The database also facilitates timestamping information when it is collected, while also indicating for what time period it is valid. For example: Consider the case where an ISP sends information on 3-Mar-2002 noting that a particular physical link was upgraded on 28-Feb-2002, and that another upgrade will be made on 5-Aug-2002. In this case, the information receipt is 3-Mar-2002, and its valid time period is from 28-Feb-2002 through 5-Aug-2002.

This project initially utilizes the mySQL relational database. Therefore, data is stored in tables organized according to an Entity/Relationship (E/R) data structure or schema. Measurements made by bandwidth estimation tools are stored separately (in different tables) from information provided by ISPs.

There is one case where assumptions must be made about data from traceroute probes. traceroute provides a list of component hop IP addresses, but does not provide any information about the underlying routers and their interface configurations. When links not already in the database are probed, new nodes and interfaces must be created. Consecutive addresses A and B returned by traceroute are assumed to belong to two distinct nodes. However, there is no way to know how many interfaces exist at either node. If Node A has only one interface and Node B has two interfaces, the other interface at Node B that is not traversed by traceroute will be hidden.2

This known error does not preclude the database from being useful for the purpose of evaluating bandwidth estimation tools. However, a different level of confidence must be given.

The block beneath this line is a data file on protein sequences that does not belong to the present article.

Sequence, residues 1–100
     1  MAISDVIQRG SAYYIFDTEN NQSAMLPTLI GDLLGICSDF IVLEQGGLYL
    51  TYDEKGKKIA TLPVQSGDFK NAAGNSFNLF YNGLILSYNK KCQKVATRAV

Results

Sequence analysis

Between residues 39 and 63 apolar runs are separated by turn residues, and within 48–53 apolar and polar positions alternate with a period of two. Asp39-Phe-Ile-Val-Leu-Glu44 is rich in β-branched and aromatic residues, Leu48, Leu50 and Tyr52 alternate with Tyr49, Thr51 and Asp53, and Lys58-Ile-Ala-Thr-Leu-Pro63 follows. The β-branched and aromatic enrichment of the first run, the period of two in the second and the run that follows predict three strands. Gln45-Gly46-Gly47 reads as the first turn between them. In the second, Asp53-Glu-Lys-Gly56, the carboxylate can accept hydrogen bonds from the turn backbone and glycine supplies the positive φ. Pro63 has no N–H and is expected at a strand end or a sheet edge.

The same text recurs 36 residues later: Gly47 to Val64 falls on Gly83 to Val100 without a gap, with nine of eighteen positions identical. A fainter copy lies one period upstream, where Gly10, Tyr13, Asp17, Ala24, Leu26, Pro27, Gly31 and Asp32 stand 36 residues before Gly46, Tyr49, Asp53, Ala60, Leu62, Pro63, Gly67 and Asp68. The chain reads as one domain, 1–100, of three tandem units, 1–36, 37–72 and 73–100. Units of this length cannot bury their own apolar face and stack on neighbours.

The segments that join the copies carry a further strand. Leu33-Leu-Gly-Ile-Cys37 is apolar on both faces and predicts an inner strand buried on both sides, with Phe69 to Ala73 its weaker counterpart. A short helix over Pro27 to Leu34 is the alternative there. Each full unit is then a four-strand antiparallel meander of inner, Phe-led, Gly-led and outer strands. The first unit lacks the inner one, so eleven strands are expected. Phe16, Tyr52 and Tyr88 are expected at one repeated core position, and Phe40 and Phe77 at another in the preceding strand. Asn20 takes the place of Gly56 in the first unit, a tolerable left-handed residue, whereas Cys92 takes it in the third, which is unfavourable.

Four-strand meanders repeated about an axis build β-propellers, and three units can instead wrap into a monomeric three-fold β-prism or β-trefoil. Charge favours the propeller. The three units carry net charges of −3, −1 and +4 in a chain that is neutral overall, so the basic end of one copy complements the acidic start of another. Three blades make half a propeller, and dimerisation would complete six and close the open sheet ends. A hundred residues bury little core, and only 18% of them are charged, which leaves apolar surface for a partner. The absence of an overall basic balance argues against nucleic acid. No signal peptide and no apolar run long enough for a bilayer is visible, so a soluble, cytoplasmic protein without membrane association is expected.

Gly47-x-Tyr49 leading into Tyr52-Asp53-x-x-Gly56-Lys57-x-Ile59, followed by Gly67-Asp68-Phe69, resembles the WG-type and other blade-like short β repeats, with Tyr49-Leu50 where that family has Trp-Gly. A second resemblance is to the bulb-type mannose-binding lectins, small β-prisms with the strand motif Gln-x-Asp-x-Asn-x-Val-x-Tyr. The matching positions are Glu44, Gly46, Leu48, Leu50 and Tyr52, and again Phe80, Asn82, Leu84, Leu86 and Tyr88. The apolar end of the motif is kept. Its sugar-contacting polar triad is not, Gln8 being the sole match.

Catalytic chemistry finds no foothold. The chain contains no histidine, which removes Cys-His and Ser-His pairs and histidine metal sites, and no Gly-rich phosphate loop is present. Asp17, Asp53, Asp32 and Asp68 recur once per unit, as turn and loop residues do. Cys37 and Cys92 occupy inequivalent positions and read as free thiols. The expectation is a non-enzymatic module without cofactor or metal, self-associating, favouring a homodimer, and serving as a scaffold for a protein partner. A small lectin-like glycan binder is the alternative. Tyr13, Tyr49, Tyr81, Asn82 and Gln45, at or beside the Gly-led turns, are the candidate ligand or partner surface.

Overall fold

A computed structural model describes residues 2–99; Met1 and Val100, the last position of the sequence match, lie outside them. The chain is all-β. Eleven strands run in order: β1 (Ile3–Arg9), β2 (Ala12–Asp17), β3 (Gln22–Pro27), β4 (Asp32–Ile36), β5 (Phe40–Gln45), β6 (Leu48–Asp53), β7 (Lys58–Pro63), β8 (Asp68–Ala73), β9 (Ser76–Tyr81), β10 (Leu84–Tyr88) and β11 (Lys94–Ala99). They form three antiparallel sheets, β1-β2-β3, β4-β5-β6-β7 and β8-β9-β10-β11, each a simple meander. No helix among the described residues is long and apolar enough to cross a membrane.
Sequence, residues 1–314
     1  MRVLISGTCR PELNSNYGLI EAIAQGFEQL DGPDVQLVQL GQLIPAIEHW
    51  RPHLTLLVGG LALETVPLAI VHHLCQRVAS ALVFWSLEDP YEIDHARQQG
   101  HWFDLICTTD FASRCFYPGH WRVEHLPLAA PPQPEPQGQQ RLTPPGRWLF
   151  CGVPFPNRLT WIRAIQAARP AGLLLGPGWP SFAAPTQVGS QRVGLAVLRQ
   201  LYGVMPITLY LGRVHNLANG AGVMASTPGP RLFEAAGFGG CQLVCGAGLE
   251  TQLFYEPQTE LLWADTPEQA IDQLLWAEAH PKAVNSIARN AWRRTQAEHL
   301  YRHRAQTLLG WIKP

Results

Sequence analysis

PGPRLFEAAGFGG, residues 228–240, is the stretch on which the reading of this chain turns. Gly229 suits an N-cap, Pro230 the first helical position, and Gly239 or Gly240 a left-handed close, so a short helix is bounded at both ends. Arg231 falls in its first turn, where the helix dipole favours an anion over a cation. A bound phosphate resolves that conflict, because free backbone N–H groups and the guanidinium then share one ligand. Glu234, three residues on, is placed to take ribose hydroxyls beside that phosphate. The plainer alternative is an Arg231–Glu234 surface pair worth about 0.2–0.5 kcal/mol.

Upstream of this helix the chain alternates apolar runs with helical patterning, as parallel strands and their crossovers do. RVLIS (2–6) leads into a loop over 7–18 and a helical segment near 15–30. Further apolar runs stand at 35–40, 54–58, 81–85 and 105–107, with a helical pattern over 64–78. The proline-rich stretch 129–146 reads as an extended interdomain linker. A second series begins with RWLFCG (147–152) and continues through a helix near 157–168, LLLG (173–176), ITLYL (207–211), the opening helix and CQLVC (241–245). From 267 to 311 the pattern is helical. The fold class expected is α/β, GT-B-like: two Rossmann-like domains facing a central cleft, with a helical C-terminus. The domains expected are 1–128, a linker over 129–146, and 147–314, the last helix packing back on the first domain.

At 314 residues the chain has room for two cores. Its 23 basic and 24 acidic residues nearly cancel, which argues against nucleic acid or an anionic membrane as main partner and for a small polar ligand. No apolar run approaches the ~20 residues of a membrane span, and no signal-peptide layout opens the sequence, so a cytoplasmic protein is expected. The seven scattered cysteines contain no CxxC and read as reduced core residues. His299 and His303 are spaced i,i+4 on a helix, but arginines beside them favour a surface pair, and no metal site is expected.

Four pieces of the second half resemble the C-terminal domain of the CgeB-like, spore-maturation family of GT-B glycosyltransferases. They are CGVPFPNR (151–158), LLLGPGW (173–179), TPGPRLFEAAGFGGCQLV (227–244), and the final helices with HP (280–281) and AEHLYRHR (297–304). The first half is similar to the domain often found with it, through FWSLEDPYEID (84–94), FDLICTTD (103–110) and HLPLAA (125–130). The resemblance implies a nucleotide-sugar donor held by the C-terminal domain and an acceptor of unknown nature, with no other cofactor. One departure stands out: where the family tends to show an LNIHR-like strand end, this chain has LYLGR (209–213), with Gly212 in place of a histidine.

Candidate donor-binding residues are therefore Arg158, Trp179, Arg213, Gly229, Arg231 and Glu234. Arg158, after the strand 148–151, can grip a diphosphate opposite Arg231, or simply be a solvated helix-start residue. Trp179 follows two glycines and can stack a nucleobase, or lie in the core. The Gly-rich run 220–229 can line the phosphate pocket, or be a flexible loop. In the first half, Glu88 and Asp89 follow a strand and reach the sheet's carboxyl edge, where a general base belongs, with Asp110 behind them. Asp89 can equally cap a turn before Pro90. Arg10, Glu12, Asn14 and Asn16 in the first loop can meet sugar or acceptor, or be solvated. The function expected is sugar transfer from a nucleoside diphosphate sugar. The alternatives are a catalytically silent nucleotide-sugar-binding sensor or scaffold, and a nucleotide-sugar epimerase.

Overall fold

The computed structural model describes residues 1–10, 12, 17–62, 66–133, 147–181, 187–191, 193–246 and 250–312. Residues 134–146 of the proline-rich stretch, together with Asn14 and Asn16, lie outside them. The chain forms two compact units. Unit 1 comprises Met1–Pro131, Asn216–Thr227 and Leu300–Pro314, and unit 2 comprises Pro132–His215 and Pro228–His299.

1.4  Draft Database Design

The database organizes:

  1. Measurements collected by bandwidth estimation tools.
  2. traceroute probe data.
  3. Information about physical links.

A conceptual design of the database is shown in Figures 1, 2, and 3. In these figures, boxes represent mySQL tables, while lines and arrows represent relationships between tables. For a 1tomany relationship, a single bar indicates the '1' side while the 'crow's foot' shows the many side. Appendix A shows the complete SQL code to generate the database.

Figure 1: Tracking Characteristics and Changes to Physical Links

Figure 2: Mapping Path Pairs to Component Physical Links

Figure 3: Mapping IP Addresses to IP name, AS number, and AS name

1.5  Database Entities

Relevant topology data is stored in database entities. Entities include:

Physical Link Description. Physical links are uniquely identifiable by combining source and destination IP addresses with their respective source and destination Network Interface Descriptions.

Interesting cases include:

  • Load balancing: where one IP address corresponds to many Network Interfaces
  • IP aliasing: where many IP addresses correspond to only one Network Interface
Network Interface Description. Interface data may be acquired from ISP contacts, or by using either the iffinder tool,3 ori (with less accuracy) results of traceroute probes.
Bandwidth Estimation Tool Measurements. Contains timestamped measurements taken on specific testbed links.
tracerouteProbe Results. Timestamped probe results are used to correlate path bandwidth measurements to the component physical links of the underlying topology.

1.5.1  Interfacing with the Database:

While mySQL commands may be used to access to database tables, is Perl frontend encapsulating more project specific database functions. These Perl commands may be issued either from the Unix command line or via a stored script.

Required commands:

%ShowLink Given a source IP address, a destination IP address, and a specific time interval, return all information describing the associated component physical links.
%addLinkInfo Insert information about a new physical link.
%findProbes Given a source IP address, a destination IP address, and a specific time interval, return results of all relevant traceroute probes.
%updateDB Append or correct information about physical links.

2  Bandwidth Estimation Testbed Control Infrastructure